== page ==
By John Celock
Florida Gov. Rick Scott (R) focused his State of the State Address Tuesday on economic domination.
Scott outlined a series of initiatives focused on what he said is growing Florida’s economy internationally. He had used parts of the speech to tout his first term record and introduce entrepreneurs as part of a theme of saying people are starting businesses in Florida. Scott started his second term in January following a narrow victory last year over former Gov. Charlie Crist (D).
“Florida is an exceptional place,” Scott said. “As far back as the 1800s people were moving to Florida to make their dreams come true. We want more people to chase their dream in the great state of Florida.”
Scott said that he wanted a renewed focus on tax cuts as part of his economic plan. He noted that he and the Republican-controlled Legislature had cut taxes 40 times in four years and he wanted to continue. Among the tax cuts called for by Scott were for taxes on business equipment, cell phones and television.
Marrying his higher education plan and his tax plan, Scott called for the elimination of the sales tax on college textbooks.
“I recommend that we get rid of the sales tax on college text books,” he said. “Students can spend their money than government can.”
In the area of higher education, Scott called for lower graduate school tuition and for universities in the state to be transparent about their costs. He said that tuition hikes should be in line with other states to make Florida universities more competitive.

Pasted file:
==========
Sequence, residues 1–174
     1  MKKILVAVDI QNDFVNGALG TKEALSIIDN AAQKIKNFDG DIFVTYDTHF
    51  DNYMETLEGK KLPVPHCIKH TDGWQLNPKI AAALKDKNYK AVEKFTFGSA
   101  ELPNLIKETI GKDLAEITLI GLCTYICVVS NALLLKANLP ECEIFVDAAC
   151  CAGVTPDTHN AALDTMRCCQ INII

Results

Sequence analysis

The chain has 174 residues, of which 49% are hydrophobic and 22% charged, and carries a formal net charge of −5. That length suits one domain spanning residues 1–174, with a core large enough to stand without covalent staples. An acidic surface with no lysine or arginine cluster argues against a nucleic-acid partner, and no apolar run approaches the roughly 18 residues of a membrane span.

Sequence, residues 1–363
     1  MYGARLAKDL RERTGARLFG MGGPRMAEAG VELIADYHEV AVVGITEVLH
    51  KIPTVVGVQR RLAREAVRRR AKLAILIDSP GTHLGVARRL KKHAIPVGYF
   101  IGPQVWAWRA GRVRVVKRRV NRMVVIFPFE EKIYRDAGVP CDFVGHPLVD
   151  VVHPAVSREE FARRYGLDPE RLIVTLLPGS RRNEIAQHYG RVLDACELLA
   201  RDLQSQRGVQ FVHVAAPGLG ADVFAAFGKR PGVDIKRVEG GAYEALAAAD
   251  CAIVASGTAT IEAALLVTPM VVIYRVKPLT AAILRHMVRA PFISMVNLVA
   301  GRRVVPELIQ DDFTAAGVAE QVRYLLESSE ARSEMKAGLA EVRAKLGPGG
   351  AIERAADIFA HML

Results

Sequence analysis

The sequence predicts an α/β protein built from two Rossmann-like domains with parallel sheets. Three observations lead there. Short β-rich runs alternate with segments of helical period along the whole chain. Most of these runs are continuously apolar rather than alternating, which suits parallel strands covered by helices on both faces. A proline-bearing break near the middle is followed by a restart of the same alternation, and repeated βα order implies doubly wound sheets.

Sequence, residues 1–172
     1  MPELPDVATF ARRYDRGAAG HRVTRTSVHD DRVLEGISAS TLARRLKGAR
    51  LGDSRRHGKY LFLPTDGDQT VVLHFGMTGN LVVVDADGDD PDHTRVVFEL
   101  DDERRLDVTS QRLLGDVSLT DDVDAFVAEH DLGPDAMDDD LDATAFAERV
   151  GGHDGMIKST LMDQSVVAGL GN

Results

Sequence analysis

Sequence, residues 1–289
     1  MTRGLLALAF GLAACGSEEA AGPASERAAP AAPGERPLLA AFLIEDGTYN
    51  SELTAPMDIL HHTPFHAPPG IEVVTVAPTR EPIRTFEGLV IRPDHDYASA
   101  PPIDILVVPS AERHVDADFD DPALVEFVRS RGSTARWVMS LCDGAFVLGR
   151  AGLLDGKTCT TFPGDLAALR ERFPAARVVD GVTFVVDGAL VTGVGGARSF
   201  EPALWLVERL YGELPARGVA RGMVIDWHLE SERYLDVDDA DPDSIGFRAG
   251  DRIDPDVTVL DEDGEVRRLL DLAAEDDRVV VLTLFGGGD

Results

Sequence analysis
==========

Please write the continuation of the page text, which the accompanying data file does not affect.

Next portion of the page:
“It shouldn’t require a federal loan and decades of debt for students to get a college degree,” he said. “If we are going to out compete the world we need to make college education more affordable.”
Scott also called for increased investment in workforce development programs along with touting a $3 billion budget for environmental and agricultural programs in the state. Among the environmental programs Scott touted was funding for Everglades protection.
In the area of education, Scott touted what he said would be hikes in spending on schools in the state. Scott acknowledged the cuts he and lawmakers made earlier in his term to education but said they could now put more money into school spending.
“Four years ago I stood before you and said we had to make hard decisions,” he said. “We made cuts to education knowing that when the economy improves we could add more.”
Legislative Democrats used their response to Scott’s address to say that while the governor is listening to Democrats, there is more to be done. State Senate Minority Leader Arthenia Joyner (D-Tampa) used her part of the response to say that Scott needs to create more middle class friendly jobs. She said that many of the 728,000 jobs that Scott boasts of creating in his first term are minimum wage jobs.
“Unfortunately Governor Scott doesn’t get it but I think you do. Any Floridian stuck in a low wage job in a state flush with low wage job gets it,” Joyner said. “Any student facing crushing debt gets it. Anyone stuck in an emergency room because the governor is at war with the president on health care gets it. Anyone trying to start a small business but they cannot get any help because Tallahassee is too busy helping big corporations gets it.”
House Minority Leader Mark Pafford (D-West Palm Beach) used his part of the response to focus on education. He said that high stakes testing needed to be toned down in Florida.
“These tests are too stressful for students and take up too much teaching time,” Pafford said.